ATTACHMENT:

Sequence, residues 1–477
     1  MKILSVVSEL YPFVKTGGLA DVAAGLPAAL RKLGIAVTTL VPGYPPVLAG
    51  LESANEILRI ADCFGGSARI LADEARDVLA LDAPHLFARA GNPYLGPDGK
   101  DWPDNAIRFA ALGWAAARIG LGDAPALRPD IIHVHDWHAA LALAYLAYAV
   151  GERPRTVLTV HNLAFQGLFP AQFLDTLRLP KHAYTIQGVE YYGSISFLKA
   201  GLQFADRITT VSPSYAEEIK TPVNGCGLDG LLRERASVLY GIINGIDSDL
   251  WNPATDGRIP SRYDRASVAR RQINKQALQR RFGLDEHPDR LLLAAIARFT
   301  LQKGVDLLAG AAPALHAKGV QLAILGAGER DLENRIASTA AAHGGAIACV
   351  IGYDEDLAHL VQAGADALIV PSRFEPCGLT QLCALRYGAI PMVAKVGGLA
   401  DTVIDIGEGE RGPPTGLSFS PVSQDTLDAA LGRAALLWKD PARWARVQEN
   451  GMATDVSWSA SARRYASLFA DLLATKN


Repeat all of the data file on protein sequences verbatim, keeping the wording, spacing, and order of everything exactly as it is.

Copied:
Sequence, residues 1–477
     1  MKILSVVSEL YPFVKTGGLA DVAAGLPAAL RKLGIAVTTL VPGYPPVLAG
    51  LESANEILRI ADCFGGSARI LADEARDVLA LDAPHLFARA GNPYLGPDGK
   101  DWPDNAIRFA ALGWAAARIG LGDAPALRPD IIHVHDWHAA LALAYLAYAV
   151  GERPRTVLTV HNLAFQGLFP AQFLDTLRLP KHAYTIQGVE YYGSISFLKA
   201  GLQFADRITT VSPSYAEEIK TPVNGCGLDG LLRERASVLY GIINGIDSDL
   251  WNPATDGRIP SRYDRASVAR RQINKQALQR RFGLDEHPDR LLLAAIARFT
   301  LQKGVDLLAG AAPALHAKGV QLAILGAGER DLENRIASTA AAHGGAIACV
   351  IGYDEDLAHL VQAGADALIV PSRFEPCGLT QLCALRYGAI PMVAKVGGLA
   401  DTVIDIGEGE RGPPTGLSFS PVSQDTLDAA LGRAALLWKD PARWARVQEN
   451  GMATDVSWSA SARRYASLFA DLLATKN